Rosenberg spoke about the human predicament of epic labor at a session she co-organized entitled “The Scars of Human Evolution” at the February 2013 meeting of the American Association for the Advancement of Science in Boston. SciCom’s Jessica Shugart sat down with her afterward to talk about the pangs of childbirth’s evolutionary past.

How did you first get excited about studying the evolution of human childbirth?

Childbirth is a rare time in the regular life cycle of humans where you can really see natural selection operating. It’s a very dramatic and obvious thing. I was also interested in [the evolution of human childbirth] because for most of the history of studying human evolution, attention had been on male activities like hunting. There hadn’t been as much attention to what women were doing.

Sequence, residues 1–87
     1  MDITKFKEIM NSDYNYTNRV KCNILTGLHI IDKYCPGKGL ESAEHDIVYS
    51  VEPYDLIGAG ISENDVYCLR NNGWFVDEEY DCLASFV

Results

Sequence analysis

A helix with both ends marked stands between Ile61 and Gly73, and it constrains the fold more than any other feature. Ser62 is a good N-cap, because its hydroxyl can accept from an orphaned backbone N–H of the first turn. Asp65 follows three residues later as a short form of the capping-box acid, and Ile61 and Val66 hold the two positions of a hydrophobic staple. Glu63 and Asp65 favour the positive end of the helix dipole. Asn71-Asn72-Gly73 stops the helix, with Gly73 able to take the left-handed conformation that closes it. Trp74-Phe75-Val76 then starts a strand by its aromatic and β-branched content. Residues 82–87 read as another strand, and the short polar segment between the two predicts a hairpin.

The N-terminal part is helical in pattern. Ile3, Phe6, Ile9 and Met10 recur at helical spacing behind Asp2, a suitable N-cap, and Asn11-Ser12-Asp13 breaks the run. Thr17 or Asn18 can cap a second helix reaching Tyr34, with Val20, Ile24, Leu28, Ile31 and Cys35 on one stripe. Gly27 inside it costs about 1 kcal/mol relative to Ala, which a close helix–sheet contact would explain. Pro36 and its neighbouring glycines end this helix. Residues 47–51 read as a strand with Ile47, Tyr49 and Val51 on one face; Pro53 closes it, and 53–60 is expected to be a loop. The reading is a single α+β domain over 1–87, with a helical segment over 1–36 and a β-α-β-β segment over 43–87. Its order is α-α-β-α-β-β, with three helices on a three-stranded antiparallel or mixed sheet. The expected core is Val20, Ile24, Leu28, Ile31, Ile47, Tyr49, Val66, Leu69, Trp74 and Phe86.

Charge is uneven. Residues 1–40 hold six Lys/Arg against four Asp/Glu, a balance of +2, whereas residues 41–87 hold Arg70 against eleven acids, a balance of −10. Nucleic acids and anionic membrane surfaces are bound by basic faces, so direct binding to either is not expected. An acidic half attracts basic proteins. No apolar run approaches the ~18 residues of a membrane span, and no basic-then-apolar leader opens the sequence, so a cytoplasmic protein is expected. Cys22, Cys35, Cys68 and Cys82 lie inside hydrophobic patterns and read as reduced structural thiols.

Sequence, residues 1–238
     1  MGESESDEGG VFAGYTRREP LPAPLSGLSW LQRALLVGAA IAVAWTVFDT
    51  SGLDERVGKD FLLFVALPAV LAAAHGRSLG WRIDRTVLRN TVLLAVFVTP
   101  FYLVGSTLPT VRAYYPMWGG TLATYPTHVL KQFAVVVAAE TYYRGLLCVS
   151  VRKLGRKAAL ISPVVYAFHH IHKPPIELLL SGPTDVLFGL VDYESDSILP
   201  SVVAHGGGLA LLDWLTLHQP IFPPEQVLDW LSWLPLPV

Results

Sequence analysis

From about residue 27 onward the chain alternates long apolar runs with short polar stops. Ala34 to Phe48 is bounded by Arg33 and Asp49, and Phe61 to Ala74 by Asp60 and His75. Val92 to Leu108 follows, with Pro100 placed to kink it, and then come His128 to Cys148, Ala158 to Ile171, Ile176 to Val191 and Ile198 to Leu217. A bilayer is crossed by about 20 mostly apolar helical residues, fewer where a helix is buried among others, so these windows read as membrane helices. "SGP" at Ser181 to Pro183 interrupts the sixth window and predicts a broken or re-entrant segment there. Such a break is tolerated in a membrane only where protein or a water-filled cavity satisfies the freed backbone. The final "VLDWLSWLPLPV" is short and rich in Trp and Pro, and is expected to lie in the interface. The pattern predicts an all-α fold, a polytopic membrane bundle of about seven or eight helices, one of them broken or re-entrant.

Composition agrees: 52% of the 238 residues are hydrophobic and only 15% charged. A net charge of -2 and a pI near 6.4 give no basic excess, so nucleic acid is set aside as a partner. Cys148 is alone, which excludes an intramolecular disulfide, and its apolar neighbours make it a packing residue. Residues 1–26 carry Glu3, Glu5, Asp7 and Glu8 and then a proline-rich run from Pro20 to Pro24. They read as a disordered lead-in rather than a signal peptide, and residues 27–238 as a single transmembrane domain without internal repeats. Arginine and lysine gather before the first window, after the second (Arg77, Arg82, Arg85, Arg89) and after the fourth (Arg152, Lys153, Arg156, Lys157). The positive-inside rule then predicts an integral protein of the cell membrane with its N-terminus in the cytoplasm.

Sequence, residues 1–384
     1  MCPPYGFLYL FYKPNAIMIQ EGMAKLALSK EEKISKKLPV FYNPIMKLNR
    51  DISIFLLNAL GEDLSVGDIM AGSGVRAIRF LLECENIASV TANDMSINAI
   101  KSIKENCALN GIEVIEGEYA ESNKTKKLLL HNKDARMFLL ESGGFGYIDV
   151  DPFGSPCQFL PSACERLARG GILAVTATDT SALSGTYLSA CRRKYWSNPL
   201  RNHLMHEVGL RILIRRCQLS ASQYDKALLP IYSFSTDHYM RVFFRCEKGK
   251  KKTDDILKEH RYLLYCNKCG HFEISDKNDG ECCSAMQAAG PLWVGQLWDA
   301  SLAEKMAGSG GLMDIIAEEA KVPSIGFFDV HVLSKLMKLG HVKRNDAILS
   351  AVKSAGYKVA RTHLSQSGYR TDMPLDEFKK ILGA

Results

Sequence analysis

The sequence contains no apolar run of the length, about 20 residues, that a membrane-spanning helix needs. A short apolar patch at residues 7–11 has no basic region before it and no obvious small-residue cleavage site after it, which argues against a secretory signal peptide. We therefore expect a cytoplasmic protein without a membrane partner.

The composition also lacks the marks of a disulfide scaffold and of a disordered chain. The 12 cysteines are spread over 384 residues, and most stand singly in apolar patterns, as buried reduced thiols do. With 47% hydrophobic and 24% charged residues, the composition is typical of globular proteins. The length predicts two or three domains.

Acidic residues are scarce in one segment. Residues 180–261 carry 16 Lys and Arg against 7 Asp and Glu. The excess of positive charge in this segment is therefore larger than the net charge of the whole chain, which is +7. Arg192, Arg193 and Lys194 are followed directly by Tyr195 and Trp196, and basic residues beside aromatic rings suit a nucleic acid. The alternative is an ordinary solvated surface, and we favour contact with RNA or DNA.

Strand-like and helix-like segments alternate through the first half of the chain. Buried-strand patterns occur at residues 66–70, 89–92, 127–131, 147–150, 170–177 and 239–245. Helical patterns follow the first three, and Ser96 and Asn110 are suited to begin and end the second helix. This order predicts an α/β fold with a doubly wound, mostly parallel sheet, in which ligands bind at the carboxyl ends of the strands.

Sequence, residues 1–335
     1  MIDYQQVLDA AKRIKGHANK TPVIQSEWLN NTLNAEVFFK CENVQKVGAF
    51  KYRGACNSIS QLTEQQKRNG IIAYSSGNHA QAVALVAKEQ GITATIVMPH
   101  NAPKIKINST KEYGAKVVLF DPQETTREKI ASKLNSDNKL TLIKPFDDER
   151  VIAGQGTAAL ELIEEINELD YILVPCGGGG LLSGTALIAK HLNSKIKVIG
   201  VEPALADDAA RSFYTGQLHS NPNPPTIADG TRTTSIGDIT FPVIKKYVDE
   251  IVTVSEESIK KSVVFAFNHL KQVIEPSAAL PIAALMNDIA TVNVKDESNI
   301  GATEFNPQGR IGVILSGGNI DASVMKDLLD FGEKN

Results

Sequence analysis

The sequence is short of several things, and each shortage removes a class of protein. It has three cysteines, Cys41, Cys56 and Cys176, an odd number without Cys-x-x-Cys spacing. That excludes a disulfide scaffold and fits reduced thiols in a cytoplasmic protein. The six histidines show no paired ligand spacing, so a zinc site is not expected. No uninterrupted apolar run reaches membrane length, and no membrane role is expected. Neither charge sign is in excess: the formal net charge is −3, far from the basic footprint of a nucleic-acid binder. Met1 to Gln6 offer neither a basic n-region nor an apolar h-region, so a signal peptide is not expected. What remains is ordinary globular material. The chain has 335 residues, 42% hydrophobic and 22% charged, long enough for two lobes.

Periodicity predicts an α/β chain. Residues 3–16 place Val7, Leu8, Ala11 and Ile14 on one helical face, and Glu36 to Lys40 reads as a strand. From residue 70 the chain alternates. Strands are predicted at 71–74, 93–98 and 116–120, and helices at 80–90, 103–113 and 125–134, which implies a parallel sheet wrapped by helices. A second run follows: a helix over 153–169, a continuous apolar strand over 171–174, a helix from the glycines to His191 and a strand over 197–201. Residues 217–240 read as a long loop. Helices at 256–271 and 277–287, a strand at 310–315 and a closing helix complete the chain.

Did you encounter any resistance to pursuing that type of study?

No, I wouldn’t say so. I think people were really interested, and it was actually around the time [mid 1980s] when the Lucy pelvis was first described. Some of the people who worked on that talked about birth right away.

Lucy was a member of Australopithecus afarensis, a possible human ancestor that lived roughly three million years ago, and she had a wide pelvis. Why don’t we have a nice wide pelvis like hers?

We do have a wide pelvis, but compared to our body size it’s not as wide as Lucy’s. There are locomotor constraints on how wide our pelvis can get, because it becomes very inefficient for us to walk.

But Lucy was bipedal, like us.

She was bipedal, but she didn’t have as large a pelvis in the front to back dimension as we do — she was quite flat. So it’s a tradeoff. If the pelvis gets too big, locomotion becomes inefficient. If it gets too small, you can’t give birth. The point at which we’ve settled on is dependent on our head size and shoulder size, and Lucy’s was different.

When do you think assisted birth evolved?